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You are browsing all posts tagged with the topic: mantra

Bodhipaksa

Jan 11, 2014

Do Buddhists pray?

portrait of woman prayingDo Buddhists pray? It certainly looks like it sometimes.

Since Buddhism has no creator God you might assume that the Buddhist tradition has no room for prayer. The Buddha wasn’t a God. So would be the point of praying to him, or of praying at all?

Some forms of Buddhist practice that look like prayer don’t in fact involve the Buddha or any other enlightened figure. When Buddhists are cultivating lovingkindness and they’re repeating phrases like “May all beings be well; May all beings be happy,” they’re not invoking any kind of outside agency. What they’re doing is strengthening their own desire to see beings flourish and be free from …

Wildmind Meditation News

Mar 30, 2013

Vocabulary refresher course in the language of mindfulness meditation

Mary MacVean, Los Angeles Times: The vocabulary of meditation can be a barrier for people who feel that they’re entering a strange world, experts say. Here are some common words.

Buddha: meaning one who is awake, in Sanskrit. The Buddha was a person, not a god, who lived more than 2,000 years ago; from a privileged family, he became a seeker of truth and eventually became enlightened.

Dharma: often used to mean the teachings of Buddhism and meditation.

Mantra: a word — “om” being perhaps the most famous — repeated as a way to keep the mind focused on one spot during meditation.

Metta: loving kindness…

Read the original article &raquo…

Wildmind Meditation News

Jul 10, 2012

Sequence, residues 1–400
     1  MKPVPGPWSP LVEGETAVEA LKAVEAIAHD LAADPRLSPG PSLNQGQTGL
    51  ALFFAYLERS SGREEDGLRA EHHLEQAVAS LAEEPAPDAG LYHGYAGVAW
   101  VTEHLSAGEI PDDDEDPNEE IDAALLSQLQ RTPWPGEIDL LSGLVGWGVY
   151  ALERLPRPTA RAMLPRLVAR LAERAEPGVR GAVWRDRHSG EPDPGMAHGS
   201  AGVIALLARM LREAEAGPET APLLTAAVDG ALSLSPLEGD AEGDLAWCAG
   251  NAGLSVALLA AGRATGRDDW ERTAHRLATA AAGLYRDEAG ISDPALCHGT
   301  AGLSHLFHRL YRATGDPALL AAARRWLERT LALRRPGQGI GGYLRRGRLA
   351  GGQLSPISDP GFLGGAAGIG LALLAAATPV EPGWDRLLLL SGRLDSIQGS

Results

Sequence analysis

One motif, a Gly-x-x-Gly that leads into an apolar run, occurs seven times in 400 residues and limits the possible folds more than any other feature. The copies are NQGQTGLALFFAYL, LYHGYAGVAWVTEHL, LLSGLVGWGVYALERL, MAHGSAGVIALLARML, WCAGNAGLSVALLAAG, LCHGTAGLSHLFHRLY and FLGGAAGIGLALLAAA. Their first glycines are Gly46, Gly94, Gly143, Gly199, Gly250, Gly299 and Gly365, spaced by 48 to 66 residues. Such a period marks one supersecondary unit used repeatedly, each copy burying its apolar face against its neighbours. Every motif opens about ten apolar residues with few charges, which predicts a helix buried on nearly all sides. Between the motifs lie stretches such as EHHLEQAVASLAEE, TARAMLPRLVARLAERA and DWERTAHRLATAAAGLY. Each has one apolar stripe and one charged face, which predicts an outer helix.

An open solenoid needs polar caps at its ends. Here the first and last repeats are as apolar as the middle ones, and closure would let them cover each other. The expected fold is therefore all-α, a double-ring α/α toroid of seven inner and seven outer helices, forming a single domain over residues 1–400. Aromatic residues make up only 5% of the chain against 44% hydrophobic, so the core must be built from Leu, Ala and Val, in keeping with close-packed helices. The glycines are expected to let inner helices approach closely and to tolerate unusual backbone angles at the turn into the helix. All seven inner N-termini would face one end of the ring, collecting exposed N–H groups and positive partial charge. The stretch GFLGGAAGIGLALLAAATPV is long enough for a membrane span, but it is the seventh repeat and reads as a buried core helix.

Finding right meditation technique key to satisfaction

New to meditation and already thinking about quitting? You may have simply chosen the wrong method. A new study published online July 7 in EXPLORE: The Journal of Science and Healing highlights the importance of ensuring that new meditators select methods with which they are most comfortable, rather than those that are most popular.

If they do, they are likely to stick with it, says Adam Burke, the author of the study. If not, there is a higher chance they may abandon meditation altogether, losing out on its myriad personal and medical benefits. Burke is a professor of Health Education at SF State and the director of SF State’s Institute for Holistic Health Studies.

“Because of the increase in both general and …

Srivandana

Jul 22, 2011

Tibetan Sound Healing, by Tenzin Wangyal Rinpoche

sound healingI was attracted to this book principally because of the title. I like chanting and have a daily liturgy practice, and my sympathy with this kind of approach comes from my devotion to the Medicine Buddha and the many years during which I worked as a spiritual healer. So I began this review in a state of optimism which was rapidly followed by finding myself confronted with the demon of deep cynicism.

Tenzin Wangyal who is based in the US, is a well-respected Rinpoche in the Tibetan Bön tradition and he is probably best known for his volume on dream yoga. The central teaching in the Bön religion is …

Wildmind Meditation News

Mar 31, 2011

First-time meditators: how to achieve that perfect state of “ohm”

The other day, I was conversing with a friend, telling her about how I’ve been having a difficult time sleeping as of late. I’ll maybe sleep four hours a night — and this is coming from someone who typically requires a solid eight. The stressors of life have been, unfortunately, taking their toll.

“Have you tried meditating?” she asked.

In response, I shook my head “no.” I mean, really. How could my coffee-chugging, gum-snapping, neurotic-driven self quite possibly clear my thoughts for 30 seconds, let alone the length of a meditation session?

Instructor and Program Manager Jennifer Stevenson of the Art of Living Foundation explains that there are two types of stress: physical, when your body is overworked, and mental, which stems from …